Pregnant women need to be extra careful about where they travel, but a recent study suggests that it’s not the only thing to keep in mind when they’re trying to conceive.
A team of researchers led by a University of Pittsburgh medical student recently released a study that looked at the relationship between traveling abroad, pregnancy risk and fertility in the US.
The study looked at data from 2,746 women who had a miscarriage, and 1,948 women who did not.
The women were all at high risk of miscarriage, including women who were in an advanced stage of pregnancy, had recently given birth, and had used the pill.
The researchers found that travel to areas where abortion is legal (such as the US, Canada, Australia, New Zealand, and Japan) was linked to a 3.9 percent higher risk of having a miscarriage compared to women who weren’t traveling abroad.
They also found that the longer women stayed at home or in hotels, the more likely they were to miscarry.
But the study’s findings don’t hold true for all pregnancies.
“We can’t assume that the risk is the same across all pregnancies,” Dr. Michael Bitzer, a professor of obstetrics and gynecology at Penn State, told ABC News.
He said there are exceptions to the rule, and the researchers were not sure if the risk was higher for women who went abroad on holiday.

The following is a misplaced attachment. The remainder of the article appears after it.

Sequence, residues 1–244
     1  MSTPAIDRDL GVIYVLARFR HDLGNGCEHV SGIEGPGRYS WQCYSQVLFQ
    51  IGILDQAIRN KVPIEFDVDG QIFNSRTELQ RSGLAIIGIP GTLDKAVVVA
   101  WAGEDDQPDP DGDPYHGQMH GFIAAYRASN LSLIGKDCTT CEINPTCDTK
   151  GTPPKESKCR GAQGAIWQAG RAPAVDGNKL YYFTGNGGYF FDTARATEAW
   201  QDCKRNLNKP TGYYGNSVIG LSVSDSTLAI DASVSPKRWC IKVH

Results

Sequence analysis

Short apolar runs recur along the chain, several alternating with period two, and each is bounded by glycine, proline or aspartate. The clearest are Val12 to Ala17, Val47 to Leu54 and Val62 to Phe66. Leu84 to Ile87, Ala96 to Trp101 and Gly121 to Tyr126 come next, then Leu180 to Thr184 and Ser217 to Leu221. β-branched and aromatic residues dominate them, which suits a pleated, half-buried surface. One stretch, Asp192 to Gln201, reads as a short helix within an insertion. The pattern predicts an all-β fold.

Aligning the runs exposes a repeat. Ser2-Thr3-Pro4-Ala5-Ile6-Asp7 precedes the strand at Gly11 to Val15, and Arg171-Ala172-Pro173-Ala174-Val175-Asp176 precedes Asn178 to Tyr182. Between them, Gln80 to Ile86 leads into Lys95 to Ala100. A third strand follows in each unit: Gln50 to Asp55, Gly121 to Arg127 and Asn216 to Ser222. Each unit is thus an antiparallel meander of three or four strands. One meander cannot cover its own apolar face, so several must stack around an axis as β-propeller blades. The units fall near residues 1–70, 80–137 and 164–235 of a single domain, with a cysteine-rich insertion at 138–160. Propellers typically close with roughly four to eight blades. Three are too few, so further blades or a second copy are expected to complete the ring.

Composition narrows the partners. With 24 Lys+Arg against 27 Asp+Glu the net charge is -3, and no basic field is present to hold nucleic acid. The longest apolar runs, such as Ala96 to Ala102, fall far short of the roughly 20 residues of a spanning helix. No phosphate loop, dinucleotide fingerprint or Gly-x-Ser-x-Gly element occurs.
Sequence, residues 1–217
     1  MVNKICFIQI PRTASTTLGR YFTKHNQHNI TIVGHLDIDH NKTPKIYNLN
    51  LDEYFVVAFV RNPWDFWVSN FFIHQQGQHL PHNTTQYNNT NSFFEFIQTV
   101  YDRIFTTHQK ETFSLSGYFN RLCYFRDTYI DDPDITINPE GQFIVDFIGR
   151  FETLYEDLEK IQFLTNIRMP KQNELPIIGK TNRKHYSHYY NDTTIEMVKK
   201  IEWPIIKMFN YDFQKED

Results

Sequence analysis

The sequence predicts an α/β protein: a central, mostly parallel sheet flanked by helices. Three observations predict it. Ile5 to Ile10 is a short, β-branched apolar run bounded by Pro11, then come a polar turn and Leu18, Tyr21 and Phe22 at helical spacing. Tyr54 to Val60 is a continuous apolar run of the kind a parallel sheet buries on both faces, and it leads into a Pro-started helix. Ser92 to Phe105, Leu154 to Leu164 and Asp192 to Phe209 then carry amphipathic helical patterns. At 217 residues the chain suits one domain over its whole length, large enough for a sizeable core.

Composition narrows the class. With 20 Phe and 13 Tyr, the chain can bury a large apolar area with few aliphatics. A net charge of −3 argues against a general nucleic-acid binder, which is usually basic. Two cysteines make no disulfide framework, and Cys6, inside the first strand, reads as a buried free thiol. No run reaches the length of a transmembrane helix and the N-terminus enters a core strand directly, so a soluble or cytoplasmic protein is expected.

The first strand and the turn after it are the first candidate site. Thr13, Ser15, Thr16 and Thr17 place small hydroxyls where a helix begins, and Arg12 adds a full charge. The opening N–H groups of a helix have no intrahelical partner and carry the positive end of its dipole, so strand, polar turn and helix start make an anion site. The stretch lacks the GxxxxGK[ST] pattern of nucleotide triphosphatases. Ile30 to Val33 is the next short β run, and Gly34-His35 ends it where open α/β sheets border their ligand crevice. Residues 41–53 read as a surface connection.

Traveling abroad could be just as dangerous, but not every pregnancy carries the same risk.
The research found that a 3 percent increased risk was found for pregnancies where the woman had a first-trimester miscarriage or a second-trampoline birth, while a 3 to 6 percent increase was found if the woman was at high-risk for miscarriage and had given birth in the past year.
“These are just two of many, many pregnancy outcomes that we don’t have good information on,” Bitzer said.
“What we have is an incomplete picture of the pregnancy, and that’s the challenge.”
A potential solution is the use of pill formulae to measure when women are at high and low risk of pregnancy complications, Bitzer told ABCNews.
“I think that’s something that could be a good thing for women, if they’re going to take a pill, but I think it’s also a good idea to have the risk data and the data on the pill, because that can help guide what the best choice is,” he said.
In the future, the researchers plan to investigate other types of travel, such as when a woman is visiting a country with a history of illegal abortion.
But it’s a risk they are considering, Bizer said.
He also cautioned that if a woman has a history in which she was involved in an abortion or an abortion after a prior miscarriage, it could increase the risk of a second pregnancy.
“It’s definitely a possibility, but it’s definitely not a certainty,” Bizer added.